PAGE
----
Business interests lauding the welfare state?
To that end, Skibsted said that he could not understand why American businesses were so antagonistic toward the government. For example, he said that the recent battle over financial regulations, in which the financial services industry pushed against the attempt by the government to regulate parts of the industry that had led to the financial crisis, was misguided.
“If I’m a financial company, wouldn’t it be better for me to avoid another crisis in the future than to make a little more profit next week?” he asked.
Other Danish business leaders questioned the dynamic between the private sector and the government in the U.S., as well. “Sometimes it seems like they are biting the hand that feeds them,” Bosse said.
Pedersen, who has lived in the U.S., said that while he admires many things about the American system, particularly its entrepreneurial nature, he does not think the current political climate, which is so focused on reducing the role of the state, is going to help business in the future. “Actually,” he said, “I am dead-pan serious when I say that you are destroying yourself.”
Remapping Debate asked Skibsted whether he would rather run a business in Denmark or in the U.S. “In the U.S., I might be richer,” he said. “But I don’t think I would be better off.”
Trimming the welfare state?
While Danish employers stressed that most of the features of the welfare state benefited their businesses, some elements generated opposition. For example, Steen Muntzberg of the Danish Confederation of Employers said that he would like to see a program commonly referred to as “café money” eliminated. That program grants higher-education students who live at home with their parents about $500 dollars a year for miscellaneous expenses. (Café money is provided in addition to free tuition, subsidized transportation costs, and a government living stipend which is directed to the students’ parents.)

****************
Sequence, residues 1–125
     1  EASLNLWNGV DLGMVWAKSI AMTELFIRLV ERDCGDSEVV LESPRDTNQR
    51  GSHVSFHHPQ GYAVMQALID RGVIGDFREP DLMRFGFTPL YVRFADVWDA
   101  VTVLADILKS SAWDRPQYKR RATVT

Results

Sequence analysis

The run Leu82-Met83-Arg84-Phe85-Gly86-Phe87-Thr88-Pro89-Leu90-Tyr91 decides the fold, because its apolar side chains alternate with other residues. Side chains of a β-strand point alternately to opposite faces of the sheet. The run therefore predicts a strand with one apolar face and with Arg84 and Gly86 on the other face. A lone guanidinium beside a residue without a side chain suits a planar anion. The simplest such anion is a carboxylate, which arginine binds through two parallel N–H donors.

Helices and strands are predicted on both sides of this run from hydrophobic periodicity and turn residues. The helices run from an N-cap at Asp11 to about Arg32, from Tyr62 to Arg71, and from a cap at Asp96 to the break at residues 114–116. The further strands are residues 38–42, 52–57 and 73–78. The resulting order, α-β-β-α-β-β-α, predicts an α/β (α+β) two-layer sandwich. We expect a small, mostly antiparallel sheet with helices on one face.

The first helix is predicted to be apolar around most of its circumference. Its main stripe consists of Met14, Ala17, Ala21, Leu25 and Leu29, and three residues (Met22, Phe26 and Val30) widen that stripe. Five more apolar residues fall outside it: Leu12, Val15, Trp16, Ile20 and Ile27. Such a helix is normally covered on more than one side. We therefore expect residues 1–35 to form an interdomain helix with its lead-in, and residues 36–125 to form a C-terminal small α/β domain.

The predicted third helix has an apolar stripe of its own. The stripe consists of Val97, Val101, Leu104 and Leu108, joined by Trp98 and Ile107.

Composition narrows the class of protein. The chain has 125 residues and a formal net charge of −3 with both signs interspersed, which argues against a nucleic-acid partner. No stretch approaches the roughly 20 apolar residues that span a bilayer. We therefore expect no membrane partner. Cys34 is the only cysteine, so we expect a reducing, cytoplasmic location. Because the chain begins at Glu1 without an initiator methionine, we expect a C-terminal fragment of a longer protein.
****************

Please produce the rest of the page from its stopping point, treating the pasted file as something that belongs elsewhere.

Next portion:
Søren Friis Larsen of the Danish Chamber of Commerce added that state subsidy of a student’s living expenses for six years has contributed to the fact that Denmark has one of the highest median graduation ages in the OECD, at about 26 years. “I think it’s nice for everybody to enjoy their studies,” he said. “But we need to get people out into the labor market sooner.”
Friis Larsen also complained about a special unemployment system that exists for workers in Denmark who are disabled or otherwise unable to work. “Basically, you prove to the government that you can’t work, and then you get unemployment assistance for the rest of your life,” he said. Friis Larsen does not dispute that many people benefit from this program, but he said that there should be a “reevaluation,” especially of people who qualify for mental health reasons. “If you are in a car accident and you are paralyzed, of course you should get the money,” he said. “But if you have depression and can’t work, that’s something that can be fixed, so maybe we need to check in every year.”
And perhaps the least popular program among business leaders is the one for early retirement, called efterløn (“after wage”). The program was instutituted in the 1990s in order to incentivize older people — especially those working in manual labor occupations — to leave the workforce to make room for younger workers, who were having trouble finding jobs. But because the general population has aged during that time, it is no longer affordable, according to Muntzberg.
But both Muntzberg and Friis Larsen stressed that these were relatively small changes. “We like the system we have,” he said. “Sometimes you have to do some work under the hood, but nobody wants to replace the whole engine.”